Dodgers: 2020 starting rotation with (and without) question marks

LOS ANGELES, CALIFORNIA - OCTOBER 09: Clayton Kershaw #22 of the Los Angeles Dodgers pitches in relief in the seventh inning of game five of the National League Division Series against the Washington Nationals at Dodger Stadium on October 09, 2019 in Los Angeles, California. (Photo by Sean M. Haffey/Getty Images)
LOS ANGELES, CALIFORNIA - OCTOBER 09: Clayton Kershaw #22 of the Los Angeles Dodgers pitches in relief in the seventh inning of game five of the National League Division Series against the Washington Nationals at Dodger Stadium on October 09, 2019 in Los Angeles, California. (Photo by Sean M. Haffey/Getty Images) /
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LOS ANGELES, CALIFORNIA – OCTOBER 09: Clayton Kershaw #22 of the Los Angeles Dodgers pitches in relief in the seventh inning of game five of the National League Division Series against the Washington Nationals at Dodger Stadium on October 09, 2019 in Los Angeles, California. (Photo by Sean M. Haffey/Getty Images) /

Heading into next season, the Dodgers surely will be faced with a similar dilemma to what they faced in 2018. And 2017: Who to include in the rotation.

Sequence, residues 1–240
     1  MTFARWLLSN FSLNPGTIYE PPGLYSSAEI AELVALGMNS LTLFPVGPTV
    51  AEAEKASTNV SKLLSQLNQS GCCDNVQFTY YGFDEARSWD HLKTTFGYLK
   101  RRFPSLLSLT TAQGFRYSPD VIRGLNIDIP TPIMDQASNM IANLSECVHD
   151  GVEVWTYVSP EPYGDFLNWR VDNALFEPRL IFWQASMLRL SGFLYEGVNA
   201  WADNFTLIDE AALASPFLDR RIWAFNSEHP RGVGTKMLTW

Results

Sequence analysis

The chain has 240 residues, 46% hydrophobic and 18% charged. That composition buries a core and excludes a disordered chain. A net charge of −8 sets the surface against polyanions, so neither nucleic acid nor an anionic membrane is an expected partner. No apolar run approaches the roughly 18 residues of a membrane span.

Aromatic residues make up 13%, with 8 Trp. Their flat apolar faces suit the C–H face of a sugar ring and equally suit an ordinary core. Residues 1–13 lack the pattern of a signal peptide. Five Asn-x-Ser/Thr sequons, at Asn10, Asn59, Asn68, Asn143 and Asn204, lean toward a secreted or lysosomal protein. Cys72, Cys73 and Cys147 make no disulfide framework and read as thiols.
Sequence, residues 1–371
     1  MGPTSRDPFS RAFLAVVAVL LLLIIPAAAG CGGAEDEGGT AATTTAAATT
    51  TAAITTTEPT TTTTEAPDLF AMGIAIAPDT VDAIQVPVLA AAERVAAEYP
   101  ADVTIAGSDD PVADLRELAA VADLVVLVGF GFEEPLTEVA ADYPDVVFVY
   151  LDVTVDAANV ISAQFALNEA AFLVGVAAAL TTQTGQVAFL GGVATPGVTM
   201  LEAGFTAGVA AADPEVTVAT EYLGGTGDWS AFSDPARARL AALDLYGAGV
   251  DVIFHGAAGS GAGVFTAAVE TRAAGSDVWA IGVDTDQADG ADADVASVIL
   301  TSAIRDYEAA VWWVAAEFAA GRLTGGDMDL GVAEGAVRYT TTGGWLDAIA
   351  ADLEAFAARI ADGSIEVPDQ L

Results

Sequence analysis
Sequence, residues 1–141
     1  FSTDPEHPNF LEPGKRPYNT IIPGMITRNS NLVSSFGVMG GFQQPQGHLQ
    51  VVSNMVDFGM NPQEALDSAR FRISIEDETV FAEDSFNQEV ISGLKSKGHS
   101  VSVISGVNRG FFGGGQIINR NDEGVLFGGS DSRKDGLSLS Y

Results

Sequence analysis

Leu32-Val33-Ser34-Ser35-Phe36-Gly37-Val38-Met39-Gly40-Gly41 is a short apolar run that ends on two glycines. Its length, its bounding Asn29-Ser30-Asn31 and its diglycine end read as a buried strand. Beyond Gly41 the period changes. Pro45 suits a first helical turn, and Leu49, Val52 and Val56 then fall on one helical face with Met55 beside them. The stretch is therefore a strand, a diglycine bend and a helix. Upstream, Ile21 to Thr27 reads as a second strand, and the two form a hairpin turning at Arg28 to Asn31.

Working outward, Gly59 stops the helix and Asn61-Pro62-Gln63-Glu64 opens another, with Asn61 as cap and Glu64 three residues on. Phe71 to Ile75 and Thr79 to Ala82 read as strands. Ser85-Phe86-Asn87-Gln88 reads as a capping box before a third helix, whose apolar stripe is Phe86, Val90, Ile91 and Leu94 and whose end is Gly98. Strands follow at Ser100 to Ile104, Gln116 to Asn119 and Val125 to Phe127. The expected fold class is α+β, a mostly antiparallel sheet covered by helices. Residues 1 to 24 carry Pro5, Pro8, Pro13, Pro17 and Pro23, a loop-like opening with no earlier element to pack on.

In dealing with starting rotation problems, the Dodgers have seemingly opted to roll with an exorbitant amount of depth that will allow them to place pitchers on the IL without much thought. In 2019, only Walker Buehler reached 30 starts for LA. The next three highest starters, Clayton Kershaw, Hyun-Jin Ryu, and Kenta Maeda started between 26 and 29 games.

Realistically, a five-man rotation with good health would net around 30 starts per pitcher, with that equaling 150 games started. That leaves only 12 starts for pitchers outside of the rotation. This season, the Dodgers main five starting pitchers combined to only start 126 games for the club. The top six starters only threw in 141 games.

The Dodgers certainly would seem to need more consistent work out of their starting pitchers, and yet their 106-win regular season would say otherwise.

Still, even if the system of a “core-four” with plenty of satellites worked in 2019, can it fare as well in 2020? And will the Dodgers stick with this sort of system in lieu of opting to trade away the excess in order to slim down the MLB roster while bulking up a slightly lacking farm system?

In this article, I’ll break down how the two most likely options would work for the Dodgers. First, I’ll get into what a 2020 “core-four” is likely to look like, before getting into what I feel will be the path the Dodgers choose to take, which would be to slim down and become more efficient.

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